Don’t it make you just want to puke; or send a team to wipe out the useless clowns who started the rot?
I see that our Prez. Obama has had his first brainstorm in Office; yep, he’s appointed Bubba Bill Clinton, he of the DNA and other charming traits such as betraying his Office as he betrayed the woman (I did not have Sexual Relations with that woman), to the White House Council on Women and Girls. The first meeting should be a Riot!
I note with despair that our very own Mark One Incompetents, otherwise known as the Ministry of Defence, have masterminded yet another defence debacle!
Remember the eight chinooks which aren’t allowed to fly in any other weather than bright sunshine; costing us so far £480 Million?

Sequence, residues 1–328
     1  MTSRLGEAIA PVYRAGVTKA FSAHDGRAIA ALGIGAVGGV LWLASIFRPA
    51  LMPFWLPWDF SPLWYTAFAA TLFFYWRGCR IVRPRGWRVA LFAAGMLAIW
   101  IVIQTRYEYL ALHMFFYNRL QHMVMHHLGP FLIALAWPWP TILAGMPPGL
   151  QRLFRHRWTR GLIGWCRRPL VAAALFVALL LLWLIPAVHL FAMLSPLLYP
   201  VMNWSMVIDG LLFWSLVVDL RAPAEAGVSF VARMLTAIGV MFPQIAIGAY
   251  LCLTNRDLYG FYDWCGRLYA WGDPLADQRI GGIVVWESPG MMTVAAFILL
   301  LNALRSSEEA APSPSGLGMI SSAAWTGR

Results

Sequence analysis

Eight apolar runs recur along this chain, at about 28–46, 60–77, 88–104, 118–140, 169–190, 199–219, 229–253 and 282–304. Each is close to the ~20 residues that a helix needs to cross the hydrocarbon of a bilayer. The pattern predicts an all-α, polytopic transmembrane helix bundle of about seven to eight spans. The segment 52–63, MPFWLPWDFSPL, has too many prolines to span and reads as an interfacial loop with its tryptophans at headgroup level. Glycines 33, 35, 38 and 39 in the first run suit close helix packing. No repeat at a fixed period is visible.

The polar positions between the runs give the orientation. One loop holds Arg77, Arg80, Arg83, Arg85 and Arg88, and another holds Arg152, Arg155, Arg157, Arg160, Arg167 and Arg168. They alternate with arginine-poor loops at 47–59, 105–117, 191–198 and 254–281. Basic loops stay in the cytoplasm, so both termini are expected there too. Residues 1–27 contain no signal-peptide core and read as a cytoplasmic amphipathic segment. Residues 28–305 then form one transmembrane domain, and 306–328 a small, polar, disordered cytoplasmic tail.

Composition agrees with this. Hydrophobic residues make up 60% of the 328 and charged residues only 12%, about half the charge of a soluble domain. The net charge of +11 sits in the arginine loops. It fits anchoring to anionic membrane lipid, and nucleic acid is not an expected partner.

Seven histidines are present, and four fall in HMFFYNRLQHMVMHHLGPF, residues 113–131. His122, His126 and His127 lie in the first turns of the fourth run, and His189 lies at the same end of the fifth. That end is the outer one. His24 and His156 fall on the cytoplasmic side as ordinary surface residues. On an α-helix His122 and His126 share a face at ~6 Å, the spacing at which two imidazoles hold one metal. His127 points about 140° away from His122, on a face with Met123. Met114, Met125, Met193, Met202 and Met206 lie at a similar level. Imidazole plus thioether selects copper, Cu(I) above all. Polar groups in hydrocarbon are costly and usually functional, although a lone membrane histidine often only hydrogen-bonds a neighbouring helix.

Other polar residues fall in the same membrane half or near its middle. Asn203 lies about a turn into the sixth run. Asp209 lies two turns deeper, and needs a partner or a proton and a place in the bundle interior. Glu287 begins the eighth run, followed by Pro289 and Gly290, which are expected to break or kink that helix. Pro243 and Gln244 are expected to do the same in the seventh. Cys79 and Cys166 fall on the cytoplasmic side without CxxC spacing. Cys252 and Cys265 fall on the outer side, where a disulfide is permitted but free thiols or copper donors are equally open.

Remember the Snatch Landrover saga, where the M.O.D. placed vehicles with absolutely no armour whatsoever in combat situations with roadside bombs every four yards in Afghanistan?
Well, we now have a £1.1 billion pound Type 45 anti-aircraft destroyer which will have no anti-aircraft missiles, the main purpose for having these hugely-costly ships, until 2014!
So did you really expect things to change; to get better, to actually evolve and embrace the rights of all 1.3 Billion?
I watched a film named ‘Gods and Generals’ on t.v. over the weekend,, then I read some of the statistics, and finally I read some of the critics’ take on this film, something I very rarely do, but this film was exceptional in so many ways.